opal tramI think Opal’s been a real win for us and customers in that regard. Before, we had individual paper tickets for individual modes of travel – bus, ferry, rail and so on. If passengers wanted a multi-modal ticket, they had to decide whether it was for one, two or three zones. What should have been a reasonably simple decision, just wasn’t. Opal, by contrast, is pay-as-you-go, where you simply tap-on and tap-off.

One of our key focuses is making accessing the transport network easier for customers, and this is something we feel Opal is helping to achieve. It’s easy to plan, easy to pay, and easy to travel – and that’s changing the customer experience.

How will it work as you expand the network? Are you considering on-demand transport for instance?

For us, we’ve been trialling On Demand public transport since 2017 and are now looking to incorporate this new service model into the network on a more permanent basis. We’ve been looking at integrating On Demand services within trip planning, helping customers understand how they can get from door-to-door. There are instances where customer journeys begin and end with public transport, but there is a space in-between. We are trying to bridge that gap, and on-demand services could well be one of the answers. We need to understand the benefits for both us and our customers.

If passengers wanted a multi-modal ticket, they had to decide whether it was for one, two or three zones. Opal, by contrast, is pay-as-you-go, where you simply tap-on and tap-off.

Are you conscious of how your decisions impact people’s daily lives?

A lot of the work we’ve done has been focused on technology. Listening to customer feedback, we can see that it’s making life easier for them, which is incredibly rewarding for us. We can see our improvements are making a difference, and that is being appreciated by our customers year on year in satisfaction surveys.

Are you hopeful for the future of transport ticketing?

It’s really difficult to predict the future, especially with the pace of technology change. It’s safe to say that things will be different in three, four or five years’ time. We’re looking at implementing a virtual Opal card towards the end of this year, removing the need for physical media. But to some extent, with contactless, the payments industry has already achieved this through the ability to have your credit card on your smartphone.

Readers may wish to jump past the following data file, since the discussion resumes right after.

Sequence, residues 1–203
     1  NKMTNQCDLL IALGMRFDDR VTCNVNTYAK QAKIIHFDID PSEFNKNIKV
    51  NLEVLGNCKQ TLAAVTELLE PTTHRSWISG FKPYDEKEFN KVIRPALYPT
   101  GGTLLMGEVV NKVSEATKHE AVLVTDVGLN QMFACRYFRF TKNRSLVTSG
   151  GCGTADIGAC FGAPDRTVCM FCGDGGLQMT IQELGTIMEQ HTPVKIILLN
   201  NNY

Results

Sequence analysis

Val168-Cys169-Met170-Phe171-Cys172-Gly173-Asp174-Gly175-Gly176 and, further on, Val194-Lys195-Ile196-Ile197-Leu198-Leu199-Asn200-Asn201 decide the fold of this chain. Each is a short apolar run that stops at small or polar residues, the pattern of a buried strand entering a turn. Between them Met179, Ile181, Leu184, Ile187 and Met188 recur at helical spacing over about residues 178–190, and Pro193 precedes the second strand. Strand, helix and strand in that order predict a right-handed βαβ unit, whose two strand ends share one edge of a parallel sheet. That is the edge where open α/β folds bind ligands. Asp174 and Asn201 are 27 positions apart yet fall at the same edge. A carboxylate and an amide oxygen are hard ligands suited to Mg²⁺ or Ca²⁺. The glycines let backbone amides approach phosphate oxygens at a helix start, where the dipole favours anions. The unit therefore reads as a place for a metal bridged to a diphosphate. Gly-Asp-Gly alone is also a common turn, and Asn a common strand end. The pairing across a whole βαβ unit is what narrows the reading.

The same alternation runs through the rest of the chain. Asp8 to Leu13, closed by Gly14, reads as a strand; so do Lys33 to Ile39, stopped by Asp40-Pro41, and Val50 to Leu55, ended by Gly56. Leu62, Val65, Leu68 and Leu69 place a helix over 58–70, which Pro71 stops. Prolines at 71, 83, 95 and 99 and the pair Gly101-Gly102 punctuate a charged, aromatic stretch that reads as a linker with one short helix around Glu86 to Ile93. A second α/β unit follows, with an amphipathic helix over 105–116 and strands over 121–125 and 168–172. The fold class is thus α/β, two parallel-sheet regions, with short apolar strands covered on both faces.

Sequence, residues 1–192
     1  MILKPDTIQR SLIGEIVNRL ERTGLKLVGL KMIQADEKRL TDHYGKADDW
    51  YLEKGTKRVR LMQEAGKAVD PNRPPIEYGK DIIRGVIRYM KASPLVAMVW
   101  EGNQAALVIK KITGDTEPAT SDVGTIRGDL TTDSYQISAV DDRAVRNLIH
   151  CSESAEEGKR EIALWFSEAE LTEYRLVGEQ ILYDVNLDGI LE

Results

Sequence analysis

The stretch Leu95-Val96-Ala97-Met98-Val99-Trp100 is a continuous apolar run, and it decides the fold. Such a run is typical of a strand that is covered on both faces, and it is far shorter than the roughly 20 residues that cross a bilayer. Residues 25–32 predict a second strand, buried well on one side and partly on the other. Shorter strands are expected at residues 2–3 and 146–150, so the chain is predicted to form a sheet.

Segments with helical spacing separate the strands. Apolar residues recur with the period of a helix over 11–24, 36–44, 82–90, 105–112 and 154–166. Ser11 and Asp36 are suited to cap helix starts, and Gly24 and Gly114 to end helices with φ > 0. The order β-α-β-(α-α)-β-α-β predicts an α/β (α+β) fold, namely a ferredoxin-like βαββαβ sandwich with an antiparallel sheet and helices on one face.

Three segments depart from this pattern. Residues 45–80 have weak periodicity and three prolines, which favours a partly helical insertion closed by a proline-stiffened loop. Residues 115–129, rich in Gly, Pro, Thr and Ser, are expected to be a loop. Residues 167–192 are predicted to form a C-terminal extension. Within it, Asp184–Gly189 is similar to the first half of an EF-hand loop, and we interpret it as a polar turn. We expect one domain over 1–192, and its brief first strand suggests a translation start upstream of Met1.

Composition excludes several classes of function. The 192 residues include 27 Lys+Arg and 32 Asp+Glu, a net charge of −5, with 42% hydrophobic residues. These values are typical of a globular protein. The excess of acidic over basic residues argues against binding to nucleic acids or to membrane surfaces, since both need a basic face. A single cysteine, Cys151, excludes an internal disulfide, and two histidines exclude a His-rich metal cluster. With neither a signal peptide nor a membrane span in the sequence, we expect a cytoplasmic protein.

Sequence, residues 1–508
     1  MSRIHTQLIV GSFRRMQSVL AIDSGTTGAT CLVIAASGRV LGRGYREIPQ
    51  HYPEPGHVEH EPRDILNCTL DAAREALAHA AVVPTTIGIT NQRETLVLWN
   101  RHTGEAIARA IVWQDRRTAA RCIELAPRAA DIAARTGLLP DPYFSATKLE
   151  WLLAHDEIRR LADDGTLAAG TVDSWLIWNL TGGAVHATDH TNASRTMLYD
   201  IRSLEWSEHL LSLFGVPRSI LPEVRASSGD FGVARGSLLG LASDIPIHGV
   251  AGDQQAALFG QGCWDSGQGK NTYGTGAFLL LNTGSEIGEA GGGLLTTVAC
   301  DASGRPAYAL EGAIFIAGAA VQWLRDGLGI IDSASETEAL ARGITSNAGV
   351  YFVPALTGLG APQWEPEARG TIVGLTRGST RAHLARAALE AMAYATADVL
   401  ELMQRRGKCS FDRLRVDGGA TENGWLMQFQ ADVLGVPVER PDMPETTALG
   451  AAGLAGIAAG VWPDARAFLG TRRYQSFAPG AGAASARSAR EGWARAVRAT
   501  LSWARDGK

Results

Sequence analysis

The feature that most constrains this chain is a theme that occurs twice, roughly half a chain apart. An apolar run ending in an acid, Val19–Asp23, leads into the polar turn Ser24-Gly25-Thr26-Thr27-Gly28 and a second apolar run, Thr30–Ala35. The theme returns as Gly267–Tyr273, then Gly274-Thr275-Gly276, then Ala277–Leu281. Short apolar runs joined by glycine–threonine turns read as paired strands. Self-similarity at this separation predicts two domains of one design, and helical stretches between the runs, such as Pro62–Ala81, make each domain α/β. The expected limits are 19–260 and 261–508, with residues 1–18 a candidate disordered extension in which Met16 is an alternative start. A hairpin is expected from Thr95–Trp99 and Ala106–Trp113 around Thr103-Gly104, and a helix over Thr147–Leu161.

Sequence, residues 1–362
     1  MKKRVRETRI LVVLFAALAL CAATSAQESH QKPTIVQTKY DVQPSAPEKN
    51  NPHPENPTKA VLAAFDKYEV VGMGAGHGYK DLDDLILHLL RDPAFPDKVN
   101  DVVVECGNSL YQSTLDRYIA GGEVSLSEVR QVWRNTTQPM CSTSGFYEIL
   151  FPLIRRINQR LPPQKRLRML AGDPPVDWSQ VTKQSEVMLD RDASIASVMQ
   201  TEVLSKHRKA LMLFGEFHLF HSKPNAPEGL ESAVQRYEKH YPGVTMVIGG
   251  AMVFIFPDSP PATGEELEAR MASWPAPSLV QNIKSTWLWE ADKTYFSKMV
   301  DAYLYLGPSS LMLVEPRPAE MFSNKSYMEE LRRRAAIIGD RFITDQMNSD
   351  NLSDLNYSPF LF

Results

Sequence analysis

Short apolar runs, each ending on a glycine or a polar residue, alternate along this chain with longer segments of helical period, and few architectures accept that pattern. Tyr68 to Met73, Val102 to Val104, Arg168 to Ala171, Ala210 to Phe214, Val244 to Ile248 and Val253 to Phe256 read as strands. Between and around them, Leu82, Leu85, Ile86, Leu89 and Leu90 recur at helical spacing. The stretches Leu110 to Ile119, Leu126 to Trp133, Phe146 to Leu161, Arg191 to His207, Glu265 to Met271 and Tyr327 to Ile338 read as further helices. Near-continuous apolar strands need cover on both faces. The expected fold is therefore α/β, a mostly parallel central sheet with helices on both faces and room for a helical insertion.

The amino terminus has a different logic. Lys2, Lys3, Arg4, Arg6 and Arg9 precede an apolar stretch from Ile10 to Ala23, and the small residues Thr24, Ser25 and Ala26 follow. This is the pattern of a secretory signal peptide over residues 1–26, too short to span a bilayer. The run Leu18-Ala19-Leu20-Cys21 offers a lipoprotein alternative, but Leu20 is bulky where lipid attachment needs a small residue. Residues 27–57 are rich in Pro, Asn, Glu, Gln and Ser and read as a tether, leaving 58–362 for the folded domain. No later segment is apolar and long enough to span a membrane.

Our open-data initiative has allowed us to make clever changes that make a big difference to our customers.

The concept of account-based ticketing is transforming us with the opportunities it provides. We may be able to achieve a netflix style subscription transport service in the future – something that would have been difficult to imagine even 10 years ago. The subscription model, Mobility-as-a-Service; these concepts will bring a really exciting, but different environment and it’s great to be a part of that journey.

Biography 

Lewis is the Executive Director of Customer Payment Services at Transport for New South Wales. His role is integral in ensuring customers travelling on public transport and roads in NSW have a seamless, positive payment experience from a ticketing and tolling perspective. In addition to this, Lewis is responsible for the management and provision of subsidised and concession travel arrangements across the state of NSW, including access to transport for disability sectors, free and subsidised school and seniors travel. Lewis also oversees a number of customer information channels, including websites and contact centres, to ensure consistent messaging, advice and communications about NSW public.

He has worked for NSW Government Agencies since 2008 and, prior to his current role, was a senior manager for the project team responsible for the introduction of Opal in Sydney. Prior to his work in New South Wales, Lewis worked in the United Kingdom in a variety of Information Technology, application development and business process outsourcing roles.

One response to “New South Wales: prioritising the passenger process”

  1. Valerio Quintero says:

    Maybe I’m wrong, I don’t see how new payment systems designed around the contactless card come out. The means of payment must be dematerialized, it must only be an identifier in an account-based system, it is no longer just prepaid, credit and debit of the accounts must be allowed. The most important thing to lower card investment costs and operating costs … the means of payment must be the user’s cell phone.